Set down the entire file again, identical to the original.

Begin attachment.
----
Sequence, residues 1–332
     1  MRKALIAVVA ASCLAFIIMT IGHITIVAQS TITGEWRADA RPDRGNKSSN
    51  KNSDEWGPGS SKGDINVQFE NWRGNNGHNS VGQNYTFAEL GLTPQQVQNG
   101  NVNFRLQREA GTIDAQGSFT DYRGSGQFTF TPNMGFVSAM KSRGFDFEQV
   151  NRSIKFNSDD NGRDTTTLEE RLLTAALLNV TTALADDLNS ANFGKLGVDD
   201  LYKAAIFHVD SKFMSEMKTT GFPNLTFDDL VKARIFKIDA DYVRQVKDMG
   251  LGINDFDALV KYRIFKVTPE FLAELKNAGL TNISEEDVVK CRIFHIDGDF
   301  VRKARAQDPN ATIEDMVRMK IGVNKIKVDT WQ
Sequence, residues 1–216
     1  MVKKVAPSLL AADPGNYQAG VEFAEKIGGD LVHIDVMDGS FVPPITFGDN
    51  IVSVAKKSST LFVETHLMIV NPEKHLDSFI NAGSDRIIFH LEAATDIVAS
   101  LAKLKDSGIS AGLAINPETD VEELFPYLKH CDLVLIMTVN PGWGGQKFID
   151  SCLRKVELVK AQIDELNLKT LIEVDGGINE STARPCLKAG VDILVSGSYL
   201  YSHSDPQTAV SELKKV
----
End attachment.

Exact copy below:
Sequence, residues 1–332
     1  MRKALIAVVA ASCLAFIIMT IGHITIVAQS TITGEWRADA RPDRGNKSSN
    51  KNSDEWGPGS SKGDINVQFE NWRGNNGHNS VGQNYTFAEL GLTPQQVQNG
   101  NVNFRLQREA GTIDAQGSFT DYRGSGQFTF TPNMGFVSAM KSRGFDFEQV
   151  NRSIKFNSDD NGRDTTTLEE RLLTAALLNV TTALADDLNS ANFGKLGVDD
   201  LYKAAIFHVD SKFMSEMKTT GFPNLTFDDL VKARIFKIDA DYVRQVKDMG
   251  LGINDFDALV KYRIFKVTPE FLAELKNAGL TNISEEDVVK CRIFHIDGDF
   301  VRKARAQDPN ATIEDMVRMK IGVNKIKVDT WQ
Sequence, residues 1–216
     1  MVKKVAPSLL AADPGNYQAG VEFAEKIGGD LVHIDVMDGS FVPPITFGDN
    51  IVSVAKKSST LFVETHLMIV NPEKHLDSFI NAGSDRIIFH LEAATDIVAS
   101  LAKLKDSGIS AGLAINPETD VEELFPYLKH CDLVLIMTVN PGWGGQKFID
   151  SCLRKVELVK AQIDELNLKT LIEVDGGINE STARPCLKAG VDILVSGSYL
   201  YSHSDPQTAV SELKKV